Those of us who struggled with history in school may remember it as a dull progression of events occurring in unfamiliar places and involving people we’d never heard of; a bland chronology with no clear connection to our aspirations or our daily lives.
As we grow older, we often develop a greater appreciation for the real-life stories behind these textbook timelines. As our own lives unfold we come to understand that, in many important ways, the point of studying history is not the rote memorisation of conquests and fallen empires, but coming to terms with the grand trajectory of the human family. Simply put, it is the story of how we came to be here in this place and this moment – part inspiration, part cautionary tale.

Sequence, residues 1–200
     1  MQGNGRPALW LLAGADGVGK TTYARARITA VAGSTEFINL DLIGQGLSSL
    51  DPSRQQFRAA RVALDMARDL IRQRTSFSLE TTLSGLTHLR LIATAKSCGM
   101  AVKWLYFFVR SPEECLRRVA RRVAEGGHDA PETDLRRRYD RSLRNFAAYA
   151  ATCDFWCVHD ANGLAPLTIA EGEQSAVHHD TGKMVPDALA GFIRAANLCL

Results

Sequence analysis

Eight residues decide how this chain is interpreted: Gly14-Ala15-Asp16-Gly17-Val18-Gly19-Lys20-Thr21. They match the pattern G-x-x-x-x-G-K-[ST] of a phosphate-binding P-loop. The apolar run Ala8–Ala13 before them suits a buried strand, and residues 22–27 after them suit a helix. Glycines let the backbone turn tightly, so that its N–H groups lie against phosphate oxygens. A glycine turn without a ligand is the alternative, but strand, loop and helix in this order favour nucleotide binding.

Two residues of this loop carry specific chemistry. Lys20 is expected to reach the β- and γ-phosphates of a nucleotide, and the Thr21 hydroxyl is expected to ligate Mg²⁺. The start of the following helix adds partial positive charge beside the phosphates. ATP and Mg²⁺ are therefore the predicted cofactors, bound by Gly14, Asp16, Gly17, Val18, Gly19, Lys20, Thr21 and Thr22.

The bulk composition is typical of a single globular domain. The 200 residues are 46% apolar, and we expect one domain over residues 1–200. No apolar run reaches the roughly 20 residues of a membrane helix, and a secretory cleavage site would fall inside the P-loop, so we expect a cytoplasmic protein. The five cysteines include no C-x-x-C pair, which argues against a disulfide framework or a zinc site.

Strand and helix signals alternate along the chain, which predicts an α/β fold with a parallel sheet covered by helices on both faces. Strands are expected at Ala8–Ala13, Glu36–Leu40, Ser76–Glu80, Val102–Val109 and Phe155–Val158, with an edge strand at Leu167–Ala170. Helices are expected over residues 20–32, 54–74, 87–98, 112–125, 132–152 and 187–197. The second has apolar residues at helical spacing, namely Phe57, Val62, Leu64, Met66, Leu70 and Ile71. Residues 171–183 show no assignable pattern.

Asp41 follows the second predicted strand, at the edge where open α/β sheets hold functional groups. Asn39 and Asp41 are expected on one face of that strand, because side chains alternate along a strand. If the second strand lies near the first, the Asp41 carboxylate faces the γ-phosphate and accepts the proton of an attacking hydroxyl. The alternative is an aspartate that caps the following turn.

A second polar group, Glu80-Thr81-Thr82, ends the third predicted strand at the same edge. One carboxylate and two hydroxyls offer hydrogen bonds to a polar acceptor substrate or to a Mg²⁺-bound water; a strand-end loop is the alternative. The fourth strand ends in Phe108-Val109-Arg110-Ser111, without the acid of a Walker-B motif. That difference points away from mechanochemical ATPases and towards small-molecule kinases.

Oral history projects, such as the one facilitated recently by Cayman International School social studies teacher Kevin Hamlin, help young people make that connection. They spark students’ interest in our islands’ story by presenting it through lived and breathed experience. We are glad to see so many young people taking these lessons to heart.
The project asks Grade 8 students to interview older residents about days gone by and their current thoughts about our community. In the process, the students learn much more than tricks for battling mosquitoes, gathering food in thatch baskets or ‘making do’. They learn about the ways community and circumstances shape our experiences, our shared values and our lives.
In particular, the challenges met by previous generations provide important perspective for today’s young people (and, frankly, many of us who are no longer quite so young). Even better, Hamlin told the Compass he’d like the students to transcribe their interviews and submit them to the Cayman National Archives to preserve these stories for generations to come.